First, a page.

For centuries life in ST JOHN’S has focused on its harbour, a dramatic jaw-shaped inlet approached through the 200m-wide channel of The Narrows. In its heyday, the port was crammed with ships from a score of nations; today, although traffic is not as brisk, it draws a mixed maritime bag of trawlers, container ships and oil construction barges. It still possesses a boisterous nightlife too, but the rough houses of the waterfront have been replaced by shops, slick office buildings and chic restaurants, and its inhabitants – of whom there are about 200,000 – are less likely to be seafarers than white-collar workers, artists and students from all over Canada. Yet the waterfront remains the social hub, sprinkled with lively bars that showcase the best of Newfoundland folk music – one good reason for visiting in itself – as well as providing the backdrop for hit Canadian TV show Republic of Doyle.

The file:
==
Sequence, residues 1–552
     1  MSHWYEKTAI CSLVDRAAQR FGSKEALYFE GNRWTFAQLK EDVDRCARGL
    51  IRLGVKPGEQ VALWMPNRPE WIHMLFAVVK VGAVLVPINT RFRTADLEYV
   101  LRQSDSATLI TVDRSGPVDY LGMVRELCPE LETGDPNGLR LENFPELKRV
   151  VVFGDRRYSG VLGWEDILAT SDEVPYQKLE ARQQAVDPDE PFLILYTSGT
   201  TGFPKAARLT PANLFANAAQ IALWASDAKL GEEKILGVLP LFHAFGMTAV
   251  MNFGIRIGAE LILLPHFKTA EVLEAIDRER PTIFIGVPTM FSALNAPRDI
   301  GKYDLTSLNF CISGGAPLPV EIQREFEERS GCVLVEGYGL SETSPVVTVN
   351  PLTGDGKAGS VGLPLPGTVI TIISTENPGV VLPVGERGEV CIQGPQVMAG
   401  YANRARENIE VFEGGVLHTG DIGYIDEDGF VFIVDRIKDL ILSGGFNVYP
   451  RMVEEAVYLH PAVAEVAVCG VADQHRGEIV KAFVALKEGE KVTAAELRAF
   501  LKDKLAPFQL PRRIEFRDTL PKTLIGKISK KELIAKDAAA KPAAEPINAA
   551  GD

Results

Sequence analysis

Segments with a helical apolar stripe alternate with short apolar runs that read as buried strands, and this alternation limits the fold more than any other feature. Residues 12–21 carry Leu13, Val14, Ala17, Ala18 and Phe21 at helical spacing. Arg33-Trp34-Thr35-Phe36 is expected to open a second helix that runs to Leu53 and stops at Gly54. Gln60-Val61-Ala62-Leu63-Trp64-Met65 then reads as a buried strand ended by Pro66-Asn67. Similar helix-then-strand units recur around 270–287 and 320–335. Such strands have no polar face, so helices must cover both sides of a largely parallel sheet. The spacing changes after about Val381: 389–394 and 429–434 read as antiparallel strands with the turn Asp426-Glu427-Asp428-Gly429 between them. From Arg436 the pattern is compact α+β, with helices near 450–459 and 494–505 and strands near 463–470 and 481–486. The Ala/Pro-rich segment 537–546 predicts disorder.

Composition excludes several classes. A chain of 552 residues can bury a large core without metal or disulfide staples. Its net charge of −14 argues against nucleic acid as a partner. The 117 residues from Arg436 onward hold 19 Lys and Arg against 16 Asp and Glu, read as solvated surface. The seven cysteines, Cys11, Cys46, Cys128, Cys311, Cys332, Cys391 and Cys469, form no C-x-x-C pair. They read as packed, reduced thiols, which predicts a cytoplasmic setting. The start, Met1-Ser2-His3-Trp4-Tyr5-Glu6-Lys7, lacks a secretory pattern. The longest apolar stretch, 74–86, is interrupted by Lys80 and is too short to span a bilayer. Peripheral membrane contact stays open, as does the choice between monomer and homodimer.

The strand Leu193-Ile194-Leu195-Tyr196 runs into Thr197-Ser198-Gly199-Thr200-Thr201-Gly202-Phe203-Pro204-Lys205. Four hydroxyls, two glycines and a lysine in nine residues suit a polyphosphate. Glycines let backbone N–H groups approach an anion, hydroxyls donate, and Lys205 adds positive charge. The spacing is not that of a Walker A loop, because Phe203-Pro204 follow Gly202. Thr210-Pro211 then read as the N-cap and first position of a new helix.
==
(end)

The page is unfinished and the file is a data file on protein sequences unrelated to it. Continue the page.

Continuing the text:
With the exception of Signal Hill, all the main downtown attractions are within easy walking distance of each other. Note that the appellation “cove”, commonplace here, means a short side-street, not a bay.